Thursday, May 29, 2014

Sichinga tells millers to act responsibly on prices
By Stuart Lisulo
Wed 08 Jan. 2014, 14:00 CAT

THE stalemate between the Millers Association of Zambia and the government over the rising price of mealie-meal looks set to continue.

But agriculture minister Robert Sichinga insists the millers should act responsibly to help reduce mealie-meal prices, which have reached unprecedented levels, selling at over K70.00 per 25kg breakfast bag in selected outlets in Lusaka.

Millers Association of Zambia (MAZ) president Allan Sakala said in interview on Friday that the millers were still waiting for the government to respond to calls for an urgent meeting to seek clarity on the actual price of maize to be sold following the government's hike to K1,700.00 per tonne through the Food Reserve Agency (FRA).

The hike in the price has caused consternation among the millers, who insist they are only able to comply with the government's
directive to sell breakfast and roller meal at K65.00 and K45.00 per 25kg bag, respectively, if maize is sold to millers at K1,600.00 per
tonne.

"We are still waiting for government to react because this is a national issue; once they have reacted, we will take our next course of action. The ball is in their government's court," Sakala said.
He said since the price of maize was very high, it was virtually impossible to adhere to the prices directed by the government.

"The only problem is that the maize itself is expensive; we are landing maize into the mill at about K1,900.00, something like that. And FRA has not yet started offloading [the maize - they are still working out the modalities of how we are going to get the maize. As long as the maize prices remain high, I do not see how we can address that situation unless the agriculture ministry comes up with
conducive prices which we can digest; then we will be able to resolve the issue of mealiemeal prices," he said.

But Sichinga in a separate interview said: "We have offloaded maize onto the market.

As government, we have done our part; when you talk about liberalisation and private sector participation, we expect the private sector to act responsibly."

He said there was no need for any consultative meetings between the government and stakeholders because last month's meeting "sufficiently resolved" the issue of mealiemeal prices. "There are no plans on the part of government to hold another consultative meeting.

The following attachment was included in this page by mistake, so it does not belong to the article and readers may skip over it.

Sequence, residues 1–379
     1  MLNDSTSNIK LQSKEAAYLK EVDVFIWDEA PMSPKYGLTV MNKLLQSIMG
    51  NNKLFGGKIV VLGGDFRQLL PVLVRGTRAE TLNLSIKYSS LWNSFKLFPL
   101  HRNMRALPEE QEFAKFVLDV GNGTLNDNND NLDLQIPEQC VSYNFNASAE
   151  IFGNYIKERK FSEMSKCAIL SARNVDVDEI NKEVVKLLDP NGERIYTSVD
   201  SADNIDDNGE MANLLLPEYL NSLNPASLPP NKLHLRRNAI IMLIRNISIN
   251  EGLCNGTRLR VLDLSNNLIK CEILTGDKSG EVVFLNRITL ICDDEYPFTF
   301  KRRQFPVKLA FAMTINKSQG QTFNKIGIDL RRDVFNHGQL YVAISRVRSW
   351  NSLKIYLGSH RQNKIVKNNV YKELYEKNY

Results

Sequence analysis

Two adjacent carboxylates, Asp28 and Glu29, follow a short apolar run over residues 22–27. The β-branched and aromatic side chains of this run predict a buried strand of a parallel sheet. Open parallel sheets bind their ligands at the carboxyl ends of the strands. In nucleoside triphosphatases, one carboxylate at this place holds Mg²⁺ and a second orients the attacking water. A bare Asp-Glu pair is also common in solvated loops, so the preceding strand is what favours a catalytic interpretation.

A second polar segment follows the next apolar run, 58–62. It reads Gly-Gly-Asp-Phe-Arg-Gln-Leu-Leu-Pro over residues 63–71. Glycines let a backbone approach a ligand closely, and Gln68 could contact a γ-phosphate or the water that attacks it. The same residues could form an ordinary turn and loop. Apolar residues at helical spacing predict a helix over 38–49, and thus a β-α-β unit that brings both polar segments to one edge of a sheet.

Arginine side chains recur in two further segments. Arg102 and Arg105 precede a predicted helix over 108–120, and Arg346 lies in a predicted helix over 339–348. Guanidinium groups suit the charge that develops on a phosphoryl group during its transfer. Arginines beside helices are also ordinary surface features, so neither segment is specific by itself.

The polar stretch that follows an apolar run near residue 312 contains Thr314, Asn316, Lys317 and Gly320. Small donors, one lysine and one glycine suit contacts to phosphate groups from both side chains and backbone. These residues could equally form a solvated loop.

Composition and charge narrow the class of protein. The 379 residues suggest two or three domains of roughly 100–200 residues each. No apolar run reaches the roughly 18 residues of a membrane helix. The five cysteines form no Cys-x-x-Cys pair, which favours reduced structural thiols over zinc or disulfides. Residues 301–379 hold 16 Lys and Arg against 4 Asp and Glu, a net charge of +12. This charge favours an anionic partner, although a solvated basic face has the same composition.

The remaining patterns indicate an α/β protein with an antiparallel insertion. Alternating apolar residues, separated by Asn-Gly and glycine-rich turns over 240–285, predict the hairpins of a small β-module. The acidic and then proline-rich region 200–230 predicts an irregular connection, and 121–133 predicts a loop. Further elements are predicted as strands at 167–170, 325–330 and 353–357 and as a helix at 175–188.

All of them had the opportunity to say what they wanted to say and participate and all the issues were concluded, not just with the millers, but grain traders and ZNFU," Sichinga said.

He reiterated that the onus was on the millers to help reduce the prices of the mealie-meal.

"They are supposed to show good faith and confirm that some of their millers have received additional maize; the price at the moment they are supposed to determine; the price is not being fixed by government - it is supposed to be as a result of supply and
demand, and we expect that they will act responsibly.

The truth of the matter is that they are not prepared to lower the prices because they want to make super profits, and Mr Sakala knows that," Sichinga said.

He further said consumers should be questioning the millers and not the government on the ever-rising prices of mealie-meal as government had already done its part.

Sichinga also explained that since the removal of subsidies on fuel and maize early last year, the price of maize sold by FRA could not go any further than the K1,700.00 per tone limit.

"When we removed subsides, it means we cannot sell maize at a price lower than is being dictated by FRA - they have to break even.

The price at which we are selling is, in fact, much more modest because FRA buys its stocks in areas where the private sector do not go, so it is a much more extensive assignment for them to bring those stocks to the market," said Sichinga.

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